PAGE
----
Franklin took five weeks off after the Olympics, and Lochte started training again three weeks ago.
“I’m a little tired,” Lochte said Friday. “I wasn’t expecting it to hurt that bad.”
While Lochte admitted he wasn’t in his best shape, he said all he wanted to get out of this meet was a lot of racing.
“As soon as I got back in the water, I was already starting to train for Rio [de Janeiro],” Lochte said. “It’s a four-year process … and my first step starts at this meet.”
Franklin said she was just happy to be back on the starting block after the break.
Each Olympian has shorter-term goals than the 2016 Olympics in Rio de Janeiro. Lochte said he is preparing for the 2012 FINA Short Course World Championships in December. Franklin said she is looking forward to the 2013 FINA World Championships next summer.
Minnesota makes a mark
Lochte said he has been competing in Minnesota for six or seven years, and Franklin said this was her third time at the Minneapolis Grand Prix.
“Even though it’s a little chilly here … it’s a great pool and a lot of good racing,” Lochte said. “I always like coming here.”
Franklin also said she is a big fan of the University Aquatic Center.
“This is one of my favorite pools. I absolutely love it. I think it’s a really, really fast pool,” Franklin said. “I love coming back here every year.”
Franklin said she was thinking a lot about the collegiate atmosphere at the meet, since she recently committed to University of California-Berkeley.
“It’s been so fun just seeing Minnesota, how the team has been cheering for each other and just racing together,” Franklin said. “It’s been awesome to watch, and knowing that I’m going to be a part of that makes me really excited.”
The 17-year-old didn’t stop at discussing the facility and atmosphere — she also praised the swimmers themselves.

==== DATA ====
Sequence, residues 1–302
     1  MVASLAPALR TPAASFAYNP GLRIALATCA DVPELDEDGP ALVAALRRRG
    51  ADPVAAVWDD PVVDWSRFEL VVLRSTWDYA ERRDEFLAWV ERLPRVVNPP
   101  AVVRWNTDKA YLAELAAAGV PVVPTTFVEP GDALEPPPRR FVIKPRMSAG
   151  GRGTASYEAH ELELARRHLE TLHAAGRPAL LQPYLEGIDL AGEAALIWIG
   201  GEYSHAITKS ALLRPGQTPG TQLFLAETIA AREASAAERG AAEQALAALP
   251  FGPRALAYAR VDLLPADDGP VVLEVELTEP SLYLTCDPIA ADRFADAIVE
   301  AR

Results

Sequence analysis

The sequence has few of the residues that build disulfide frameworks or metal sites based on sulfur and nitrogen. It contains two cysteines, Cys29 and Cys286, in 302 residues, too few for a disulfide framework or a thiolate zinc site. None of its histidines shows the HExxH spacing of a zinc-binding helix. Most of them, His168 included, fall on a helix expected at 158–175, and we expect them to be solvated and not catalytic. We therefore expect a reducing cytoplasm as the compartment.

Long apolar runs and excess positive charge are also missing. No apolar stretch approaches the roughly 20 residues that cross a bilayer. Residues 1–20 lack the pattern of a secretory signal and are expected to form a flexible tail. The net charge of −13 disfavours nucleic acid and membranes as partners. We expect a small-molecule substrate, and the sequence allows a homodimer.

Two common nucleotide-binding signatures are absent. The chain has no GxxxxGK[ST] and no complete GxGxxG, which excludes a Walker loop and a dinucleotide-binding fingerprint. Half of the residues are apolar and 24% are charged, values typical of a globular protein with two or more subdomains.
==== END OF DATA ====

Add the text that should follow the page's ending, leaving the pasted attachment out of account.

“Everyone on that team is so amazing,” Franklin said. “I only know a few of them really well, but they’re all so sweet, and they’re such great competitors to race against.”
And some Gophers swimmers did impress at the high-caliber meet.
Freshman Kierra Smith was the lone individual champion from the team when she won the 200 breaststroke at 2:08.11.
Smith also finished second in the 200 individual medley and third in the 100 breaststroke – between former Minnesota swimmer and Canadian Olympian Jillian Tyler (2nd) and Gophers senior Haley Spencer (4th).
“I’m just really honored to be able to train with them,” Smith said. “I have an Olympian and an NCAA champion … in my lane. So it’s a really great place to be right now for breaststroke.”
Sophomore transfer Luke Bushman also placed first in the 400 individual medley at 3:53.93, but he competed unattached because he is not eligible until 2013.
Minnesota also won the top-two spots in every men’s and women’s relay.
“I think what’s exciting for Minnesota is all the positive comments that … Missy and Ryan and other swimmers at this meet have been saying about Minnesota,” Gophers head swimming coach Kelly Kremer said. “And that’s great for the Minnesota swimming and diving community and for the University of Minnesota, as well.”